Dissident Held Without Explanation Provokes Hunger Strike
(Washington, D.C.)– The Cuban authorities must either explain why they failed to release detainee Jorge Vázquez Chaviano as scheduled on September 9 or let him go immediately and unconditionally, Amnesty International said amid an ongoing hunger strike by 26 dissidents in solidarity with their colleague.
Vázquez Chaviano, who is a member of the organization “Central Opposition Coalition” (Coalición Central Opositora), was charged with “unlawful economic activities” and sentenced to 18 months “correctional work without internment” in March 2011.
He believed the sentence to be politically motivated and a means of punishing his dissident activities.
“The justice system in Cuba is highly arbitrary and unfair for those deemed to be dissidents, but the failure to release prisoners on completion of their sentence is unusual and this is a worrying development,” said Gerardo Ducos, Cuba researcher for Amnesty International.
“Unless the authorities are able to immediately explain on what grounds they have refused to release Jorge Vázquez Chaviano, Amnesty International calls on them to immediately and unconditionally release him, and to cease the harassment of his family,” Ducos said.
Vázquez Chaviano was arrested on March 27 this year when he tried to travel from his home in the province of Villa Clara to attend an open air mass said by Pope Benedict XVI in Havana, and was forced to serve the remaining six months of his sentence behind bars.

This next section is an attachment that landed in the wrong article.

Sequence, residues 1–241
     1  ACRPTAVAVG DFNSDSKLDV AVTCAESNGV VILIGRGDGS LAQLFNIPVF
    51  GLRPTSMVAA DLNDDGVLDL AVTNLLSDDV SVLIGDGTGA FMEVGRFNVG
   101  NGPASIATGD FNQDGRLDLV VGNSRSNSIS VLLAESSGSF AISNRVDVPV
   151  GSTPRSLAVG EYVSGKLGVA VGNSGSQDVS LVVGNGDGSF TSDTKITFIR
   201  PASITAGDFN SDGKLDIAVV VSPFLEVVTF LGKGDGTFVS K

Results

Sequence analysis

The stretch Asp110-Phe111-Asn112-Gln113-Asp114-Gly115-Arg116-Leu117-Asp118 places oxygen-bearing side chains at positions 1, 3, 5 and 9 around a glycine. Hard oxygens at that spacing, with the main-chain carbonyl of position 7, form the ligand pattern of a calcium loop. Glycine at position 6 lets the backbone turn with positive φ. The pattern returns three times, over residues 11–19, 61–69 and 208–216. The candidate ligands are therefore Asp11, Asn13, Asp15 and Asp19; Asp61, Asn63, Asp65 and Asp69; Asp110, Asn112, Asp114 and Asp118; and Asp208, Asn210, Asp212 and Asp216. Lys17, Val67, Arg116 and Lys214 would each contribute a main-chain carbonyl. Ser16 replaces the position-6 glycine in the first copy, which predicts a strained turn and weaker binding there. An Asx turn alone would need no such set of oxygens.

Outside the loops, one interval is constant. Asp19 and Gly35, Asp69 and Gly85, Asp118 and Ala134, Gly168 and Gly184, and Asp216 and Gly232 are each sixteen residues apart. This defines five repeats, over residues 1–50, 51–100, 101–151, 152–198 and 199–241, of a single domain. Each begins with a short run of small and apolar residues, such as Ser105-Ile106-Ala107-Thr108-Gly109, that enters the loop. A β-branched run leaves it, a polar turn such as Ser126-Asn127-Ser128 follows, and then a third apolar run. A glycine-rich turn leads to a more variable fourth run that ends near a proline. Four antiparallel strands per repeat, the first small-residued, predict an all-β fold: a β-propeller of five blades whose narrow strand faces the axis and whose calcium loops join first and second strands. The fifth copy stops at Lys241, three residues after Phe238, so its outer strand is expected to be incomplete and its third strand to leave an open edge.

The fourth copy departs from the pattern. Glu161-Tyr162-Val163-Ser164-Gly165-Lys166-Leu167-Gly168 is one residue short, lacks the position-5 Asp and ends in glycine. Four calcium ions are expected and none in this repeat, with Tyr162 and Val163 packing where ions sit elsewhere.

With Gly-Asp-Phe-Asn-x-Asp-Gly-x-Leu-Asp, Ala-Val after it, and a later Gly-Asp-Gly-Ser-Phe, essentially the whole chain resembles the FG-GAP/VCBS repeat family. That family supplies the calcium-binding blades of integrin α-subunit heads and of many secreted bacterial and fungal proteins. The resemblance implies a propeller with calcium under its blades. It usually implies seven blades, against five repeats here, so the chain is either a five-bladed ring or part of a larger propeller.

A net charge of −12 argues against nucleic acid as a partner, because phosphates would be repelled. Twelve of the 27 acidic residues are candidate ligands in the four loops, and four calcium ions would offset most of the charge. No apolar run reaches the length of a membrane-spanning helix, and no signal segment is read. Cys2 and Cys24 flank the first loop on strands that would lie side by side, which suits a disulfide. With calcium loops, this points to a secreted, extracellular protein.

Since September 9 came and went, he is not believed to have been charged with a new offense or have been re-sentenced, nor has any reason been given by the authorities as to why he has not been released after completing his sentence. He is imprisoned at “Alambradas de Manacas” prison in Villa Clara Province.
Jorge’s wife and mother were detained along with several supporters on September 10 in their hometown of Sagua la Grande, Villa Clara Province, when they demonstrated for his release. His wife was held for 24 hours before being released and warned not to speak out publicly again. Vázquez Chaviano began a hunger strike after hearing he would remain incarcerated and 26 other people across the island have since joined him, calling for his release and for greater civil and political freedoms in Cuba.
The group includes 67 year-old Martha Beatriz Pérez Roque, head of the Cuban Network of Community Communicators (Red Cubana de Comunicadores Comunitarios) and a former prisoner of conscience, who is reported to be seriously ill.
“Given the government’s control of the justice system and media, and the repression of public protest, the only recourse dissidents feel they have to make their voice heard is to go on hunger strike,” said Gerardo Ducos.
Since 2010, two prisoners of conscience, Wilman Villar Mendoza and Orlando Zapata Tamayo have died in custody while on hunger strike, protesting their unfair incarceration.
Amnesty International is a Nobel Peace Prize-winning grassroots activist organization with more than 3 million supporters, activists and volunteers in more than 150 countries campaigning for human rights worldwide. The organization investigates and exposes abuses, educates and mobilizes the public, and works to protect people wherever justice, freedom, truth and dignity are denied.